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adam wild watched the action. the cricketing journey of afghanistan has been a sporting success story, being amongst the game's elite a triumph. but five games, five defeats. the world cup fairy tale is flagging. now bowling against the mighty unbeaten india, it would take something special to put a positive spin on things. still, spin is something they do rather well. india struggling, virat kohli got started before he, too, got finished. southampton suddenly stunned and silent. others did have more luck. runs still tough to find, wickets always in peril. this was an afghanistan show of surprising strength and for a moment, the mood was catching. the target just 225. the targetjust 225. cool heads needed. not like that. this was afg hanistan‘s chance to needed. not like that. this was afghanistan's chance to truly make their mark on the world game and it looked like a chance they mightjust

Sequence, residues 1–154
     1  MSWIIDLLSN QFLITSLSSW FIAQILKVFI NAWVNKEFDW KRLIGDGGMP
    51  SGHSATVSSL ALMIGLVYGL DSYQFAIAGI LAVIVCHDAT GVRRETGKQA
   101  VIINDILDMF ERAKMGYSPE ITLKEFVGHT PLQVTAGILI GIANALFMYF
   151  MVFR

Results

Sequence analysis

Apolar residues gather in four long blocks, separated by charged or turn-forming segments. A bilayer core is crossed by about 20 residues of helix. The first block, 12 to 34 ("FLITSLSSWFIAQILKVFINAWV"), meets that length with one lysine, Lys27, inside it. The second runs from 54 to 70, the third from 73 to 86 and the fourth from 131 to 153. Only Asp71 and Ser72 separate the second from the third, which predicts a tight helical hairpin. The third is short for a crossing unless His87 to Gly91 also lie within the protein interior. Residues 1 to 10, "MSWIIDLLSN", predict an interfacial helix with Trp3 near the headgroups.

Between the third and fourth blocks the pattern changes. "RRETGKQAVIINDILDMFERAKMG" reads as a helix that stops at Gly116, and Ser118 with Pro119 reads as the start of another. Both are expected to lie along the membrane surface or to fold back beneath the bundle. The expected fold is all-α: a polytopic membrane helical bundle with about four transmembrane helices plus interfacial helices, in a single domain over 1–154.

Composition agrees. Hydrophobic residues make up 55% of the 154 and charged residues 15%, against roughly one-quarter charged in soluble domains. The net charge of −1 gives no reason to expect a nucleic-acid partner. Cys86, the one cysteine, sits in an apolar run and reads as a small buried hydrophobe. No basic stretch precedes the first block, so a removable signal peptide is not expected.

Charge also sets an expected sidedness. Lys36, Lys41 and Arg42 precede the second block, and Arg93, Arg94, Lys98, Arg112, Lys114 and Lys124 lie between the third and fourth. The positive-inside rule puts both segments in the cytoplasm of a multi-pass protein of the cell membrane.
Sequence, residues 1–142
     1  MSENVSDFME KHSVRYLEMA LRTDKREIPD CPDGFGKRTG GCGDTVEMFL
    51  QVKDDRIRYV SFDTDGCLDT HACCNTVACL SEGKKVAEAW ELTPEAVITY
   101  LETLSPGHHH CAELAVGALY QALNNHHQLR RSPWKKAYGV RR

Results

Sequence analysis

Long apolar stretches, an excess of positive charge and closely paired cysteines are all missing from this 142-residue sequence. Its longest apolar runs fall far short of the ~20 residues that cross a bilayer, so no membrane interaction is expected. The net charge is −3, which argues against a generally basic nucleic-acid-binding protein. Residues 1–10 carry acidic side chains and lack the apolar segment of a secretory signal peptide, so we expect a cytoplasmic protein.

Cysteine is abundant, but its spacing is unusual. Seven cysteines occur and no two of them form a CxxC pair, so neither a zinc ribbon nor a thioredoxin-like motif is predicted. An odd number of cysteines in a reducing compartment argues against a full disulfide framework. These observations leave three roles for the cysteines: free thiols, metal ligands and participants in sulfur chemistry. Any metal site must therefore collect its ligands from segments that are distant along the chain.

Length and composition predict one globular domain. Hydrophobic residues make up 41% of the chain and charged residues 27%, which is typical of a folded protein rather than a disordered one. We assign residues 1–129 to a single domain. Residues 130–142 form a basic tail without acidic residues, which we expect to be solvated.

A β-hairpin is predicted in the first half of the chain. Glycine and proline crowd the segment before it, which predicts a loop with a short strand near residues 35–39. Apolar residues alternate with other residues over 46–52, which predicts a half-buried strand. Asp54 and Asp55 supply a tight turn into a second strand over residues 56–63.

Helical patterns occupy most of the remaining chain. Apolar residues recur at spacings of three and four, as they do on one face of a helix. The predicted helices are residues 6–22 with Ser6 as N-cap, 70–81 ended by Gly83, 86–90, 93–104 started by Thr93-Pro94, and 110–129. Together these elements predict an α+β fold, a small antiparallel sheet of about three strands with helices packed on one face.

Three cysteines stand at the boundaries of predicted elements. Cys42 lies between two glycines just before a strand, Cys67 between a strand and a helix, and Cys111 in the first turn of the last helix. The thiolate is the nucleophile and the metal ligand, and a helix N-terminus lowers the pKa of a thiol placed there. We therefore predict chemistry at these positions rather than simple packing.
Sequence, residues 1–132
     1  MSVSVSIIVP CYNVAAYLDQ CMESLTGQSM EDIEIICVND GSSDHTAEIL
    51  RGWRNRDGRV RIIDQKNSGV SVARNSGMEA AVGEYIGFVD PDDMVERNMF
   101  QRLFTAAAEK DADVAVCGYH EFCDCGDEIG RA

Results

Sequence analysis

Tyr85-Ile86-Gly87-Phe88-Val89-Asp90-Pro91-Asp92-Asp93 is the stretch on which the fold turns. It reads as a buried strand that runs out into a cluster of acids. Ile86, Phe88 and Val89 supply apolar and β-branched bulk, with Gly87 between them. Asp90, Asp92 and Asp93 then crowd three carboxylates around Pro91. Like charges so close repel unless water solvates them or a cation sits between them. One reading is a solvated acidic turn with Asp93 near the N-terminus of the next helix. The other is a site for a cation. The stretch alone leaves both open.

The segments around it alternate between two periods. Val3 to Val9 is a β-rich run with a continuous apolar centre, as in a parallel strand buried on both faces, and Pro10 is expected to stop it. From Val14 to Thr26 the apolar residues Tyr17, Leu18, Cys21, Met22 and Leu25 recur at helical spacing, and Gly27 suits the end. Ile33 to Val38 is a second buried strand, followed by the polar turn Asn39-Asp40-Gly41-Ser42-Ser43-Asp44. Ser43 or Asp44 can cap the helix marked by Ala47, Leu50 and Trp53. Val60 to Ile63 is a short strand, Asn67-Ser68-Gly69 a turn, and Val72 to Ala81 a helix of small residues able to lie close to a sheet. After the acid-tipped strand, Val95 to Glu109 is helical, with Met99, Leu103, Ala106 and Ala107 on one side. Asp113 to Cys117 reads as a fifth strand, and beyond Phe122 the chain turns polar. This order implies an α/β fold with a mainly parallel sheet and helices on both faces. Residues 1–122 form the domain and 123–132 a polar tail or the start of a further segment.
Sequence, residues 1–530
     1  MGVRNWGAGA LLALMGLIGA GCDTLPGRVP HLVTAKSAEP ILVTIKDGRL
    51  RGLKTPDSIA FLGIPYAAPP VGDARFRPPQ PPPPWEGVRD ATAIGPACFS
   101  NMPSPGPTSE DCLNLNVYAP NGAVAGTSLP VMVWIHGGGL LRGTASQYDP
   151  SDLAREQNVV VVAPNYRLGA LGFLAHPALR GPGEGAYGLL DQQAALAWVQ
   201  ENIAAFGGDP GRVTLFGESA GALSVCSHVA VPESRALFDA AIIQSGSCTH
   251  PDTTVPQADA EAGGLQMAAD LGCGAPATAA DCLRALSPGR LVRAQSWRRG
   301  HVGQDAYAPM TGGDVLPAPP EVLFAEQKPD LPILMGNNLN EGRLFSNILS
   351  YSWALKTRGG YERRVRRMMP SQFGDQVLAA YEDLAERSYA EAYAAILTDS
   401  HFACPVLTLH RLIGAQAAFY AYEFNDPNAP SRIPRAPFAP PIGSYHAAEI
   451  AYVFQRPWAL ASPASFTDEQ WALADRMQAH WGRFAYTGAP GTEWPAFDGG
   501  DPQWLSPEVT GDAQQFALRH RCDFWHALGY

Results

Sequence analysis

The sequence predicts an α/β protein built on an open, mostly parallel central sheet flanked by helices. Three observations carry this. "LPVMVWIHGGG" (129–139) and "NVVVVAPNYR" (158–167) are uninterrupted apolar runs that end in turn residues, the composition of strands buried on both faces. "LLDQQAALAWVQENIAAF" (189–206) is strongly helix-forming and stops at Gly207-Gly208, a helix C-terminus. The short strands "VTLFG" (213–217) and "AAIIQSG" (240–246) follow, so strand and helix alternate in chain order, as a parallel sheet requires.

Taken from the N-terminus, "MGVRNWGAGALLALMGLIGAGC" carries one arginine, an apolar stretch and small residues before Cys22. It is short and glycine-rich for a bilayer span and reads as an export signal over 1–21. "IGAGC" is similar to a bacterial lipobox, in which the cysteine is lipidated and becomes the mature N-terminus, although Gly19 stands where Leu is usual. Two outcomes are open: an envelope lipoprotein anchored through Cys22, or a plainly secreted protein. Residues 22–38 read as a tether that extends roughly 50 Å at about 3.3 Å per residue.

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take. the impossible seemingly now a little less so. but nerves and pressure can do funny things. shah went for glory and found only a safe pair of shah went for glory and found only a safe pairof indian shah went for glory and found only a safe pair of indian ants. shady following just seconds later. wickets falling, their task growing. it was just too much. afghanistan getting agonisingly close to one of the biggest shocks of this or any world cup. mohammed shami's kadric ending afg hanistan‘s dream. for mohammed shami's kadric ending afghanistan's dream. for india, celebrations and relief. —— hat—trick ending. adam wild, bbc news. new zealand have gone to the top of world cup standings after old trafford almost witnessed a fantastic comeback win for west indies. carlos brathwaite led the chase with a sensational century, but needing just six runs from the final seven balls, his bid for victory felljust short as new zealand all but sealed their spot in the semifinals. andy murray and partner feliciano lopez had a late finish at the queen's club championships as they reached tomorrow's final in the doubles. murray is continuing to build back to full strength